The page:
This leg is the first on the trail to have any appreciable ascents or descents. The trail leaves Fort Augustus and crosses the River Oich on a bridge. Soon afterwards it follows a looping local road uphill, before descending back down towards the main road.
A steep climb follows uphill along a path through the forest to track a track; this contours the hillside before another path heads downhill towards the A82(T) once more. It does not join the main road, and instead takes another track that heads back uphill, the height allowing occasional expansive views across Loch Ness. A long and fairly level walk follows through the trees, with few chances to escape down the hillside to the road.
A recent short-cut has been created to allow walkers access to reach the bridge over the River Moriston; if this is unavailable then a long diversion needs to be made along the old route along forestry tracks along the glen, before returning along the road at its base.
It is well worth taking a few moments in Invermoriston to explore both of the bridges, including Telford's magnificent double-arch structure that springs out of the rock, and also the rather tiny St Columba's Well beside the road.
4 hours 52 minutes
Map of the leg
Maps courtesy of Google Maps. Route for indicative purposes only, and may have been plotted after the walk. Please let me have comments on what you think of this new format.
This leg starts off at the swing bridge on the A82(T) in the centre of Fort Augustus at NH378091. At the bridge turn left to follow the A82(T) as it crosses a bridge over the River Oich and passes the tourist information centre on the left. Shortly after the road curves to the right, turn left up a surfaced path with fences on either side; this soon ends at a road called Bunoich Brae. Turn left along this road as it climbs uphill and swings to the right to descend back towards the A82(T) at NH380100.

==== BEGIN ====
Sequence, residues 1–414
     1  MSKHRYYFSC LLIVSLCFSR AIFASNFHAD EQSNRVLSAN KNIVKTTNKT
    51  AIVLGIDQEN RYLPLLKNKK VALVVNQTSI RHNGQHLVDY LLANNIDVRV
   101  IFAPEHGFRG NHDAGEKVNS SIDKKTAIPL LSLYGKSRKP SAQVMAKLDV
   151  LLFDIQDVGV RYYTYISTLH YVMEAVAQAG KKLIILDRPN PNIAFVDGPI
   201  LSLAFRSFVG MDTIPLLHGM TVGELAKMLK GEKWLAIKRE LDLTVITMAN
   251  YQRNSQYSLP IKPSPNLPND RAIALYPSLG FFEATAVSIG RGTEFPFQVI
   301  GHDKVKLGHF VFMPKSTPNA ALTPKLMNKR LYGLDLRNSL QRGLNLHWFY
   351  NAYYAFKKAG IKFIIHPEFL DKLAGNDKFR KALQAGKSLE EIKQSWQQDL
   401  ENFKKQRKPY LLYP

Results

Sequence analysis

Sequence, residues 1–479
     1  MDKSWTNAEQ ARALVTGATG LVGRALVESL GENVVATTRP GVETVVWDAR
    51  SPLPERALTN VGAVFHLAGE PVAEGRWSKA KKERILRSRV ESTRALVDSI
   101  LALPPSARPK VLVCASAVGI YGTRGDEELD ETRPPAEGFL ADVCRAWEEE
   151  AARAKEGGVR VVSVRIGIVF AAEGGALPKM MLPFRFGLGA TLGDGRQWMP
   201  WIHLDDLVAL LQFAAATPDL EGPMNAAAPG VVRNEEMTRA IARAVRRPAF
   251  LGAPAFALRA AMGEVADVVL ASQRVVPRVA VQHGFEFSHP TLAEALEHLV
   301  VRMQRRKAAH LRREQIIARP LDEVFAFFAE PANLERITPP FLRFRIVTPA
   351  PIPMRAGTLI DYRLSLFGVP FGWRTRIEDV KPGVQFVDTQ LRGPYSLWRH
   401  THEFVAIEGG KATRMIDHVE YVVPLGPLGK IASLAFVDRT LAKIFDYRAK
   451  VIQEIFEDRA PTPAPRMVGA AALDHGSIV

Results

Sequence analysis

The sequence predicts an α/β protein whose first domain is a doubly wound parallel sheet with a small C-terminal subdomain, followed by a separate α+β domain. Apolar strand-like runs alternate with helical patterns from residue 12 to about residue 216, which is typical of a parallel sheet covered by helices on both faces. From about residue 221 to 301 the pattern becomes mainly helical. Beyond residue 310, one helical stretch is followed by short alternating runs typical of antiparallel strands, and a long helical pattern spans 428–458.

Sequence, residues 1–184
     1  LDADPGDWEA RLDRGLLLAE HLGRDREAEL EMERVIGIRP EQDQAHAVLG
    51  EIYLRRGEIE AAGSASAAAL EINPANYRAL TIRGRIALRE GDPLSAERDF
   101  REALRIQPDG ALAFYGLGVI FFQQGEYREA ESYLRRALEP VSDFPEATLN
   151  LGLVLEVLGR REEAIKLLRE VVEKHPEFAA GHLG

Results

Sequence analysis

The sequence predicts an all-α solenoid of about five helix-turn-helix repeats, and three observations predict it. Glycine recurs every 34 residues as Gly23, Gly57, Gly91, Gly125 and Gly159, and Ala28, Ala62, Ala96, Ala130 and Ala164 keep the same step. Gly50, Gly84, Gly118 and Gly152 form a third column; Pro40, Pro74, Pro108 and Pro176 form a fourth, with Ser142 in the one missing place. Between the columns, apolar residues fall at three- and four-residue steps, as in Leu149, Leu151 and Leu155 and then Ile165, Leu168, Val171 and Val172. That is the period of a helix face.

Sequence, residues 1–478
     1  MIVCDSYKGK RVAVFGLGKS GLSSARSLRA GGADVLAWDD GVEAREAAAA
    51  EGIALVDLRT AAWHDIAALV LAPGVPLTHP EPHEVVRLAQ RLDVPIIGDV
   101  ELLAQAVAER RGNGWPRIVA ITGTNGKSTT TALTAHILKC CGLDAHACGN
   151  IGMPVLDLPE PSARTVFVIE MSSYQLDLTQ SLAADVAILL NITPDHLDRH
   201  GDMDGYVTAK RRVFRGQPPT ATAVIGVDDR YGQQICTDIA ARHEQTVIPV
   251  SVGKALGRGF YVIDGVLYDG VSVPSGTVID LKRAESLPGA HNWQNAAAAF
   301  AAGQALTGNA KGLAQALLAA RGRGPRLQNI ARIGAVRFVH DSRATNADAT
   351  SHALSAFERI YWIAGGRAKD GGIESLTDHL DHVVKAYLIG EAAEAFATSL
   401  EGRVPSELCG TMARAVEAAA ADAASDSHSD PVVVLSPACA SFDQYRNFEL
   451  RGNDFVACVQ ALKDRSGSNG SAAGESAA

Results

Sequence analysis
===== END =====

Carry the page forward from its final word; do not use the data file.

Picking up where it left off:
The road crosses a small stone bridge over a stream just before it ends at the A82(T); do not cross the bride and instead turn left to follow a path that leads off uphill through woodland with a trickling stream to the right. It crosses a footbridge over the stream and continues steeply uphill until a forest track is met at NH378102.
Turn right and follow the forest track as it heads eastwards, with Loch Ness and the Cherry Island Crannog visible to the right through the trees. After 0.8 miles it descends from the hillside to go through a field gate; on the other side the track becomes surfaced. This heads on to approach the A82(T) on the right. At a track turn left and immediately pass a car park on the right at NH390107.
Follow the track as it curves to the right past the car park and immediately crosses a bridge over a stream. The surfacing soon ends as the trail continues uphill along a well waymarked forest track, passing a field gate on the way. It climbs and falls northeastwards along the western bank of Loch Ness for nearly four miles. At NH423152 it joins another track coming in from the right; turn left and join this wide track as it heads uphill. It starts to curves to the left to head away from the loch, with Invermoriston a short distance away down the hill to the right.
Annoyingly the track does not descend immediately but contours around the hill for a mile. At NH413166 a gravel path leaves the track and starts to descend slowly down the hillside (the cycle route continues further inland along the track).
However, the path is sometimes closed due to fallen trees. If this is the case then follow the alternative cycle path that used to carry the trail before the short-cut path was created. Continue along the track as it continues to climb as it heads northwestwards before starting to slowly descend through trees; after a mile it ends at a T-junction with another track at NH401173. Turn right to head down this track; it goes through a deer gate and continues on, becoming a surfaced road.
At NH415167 the main path comes down the hillside from the right to meet the diversionary route along the road. Continue along this road as it heads south-eastwards for 0.7 miles, passing scattered houses on the left to reach the bridge which carries the A82(T) over the River Moriston at NH419165, on the outskirts of Invermoriston.
Follow the A82(T) as it heads northwards for a short distance until a car park is reached on the right at NH420166.
Places of interest
Fort Augustus and the old fort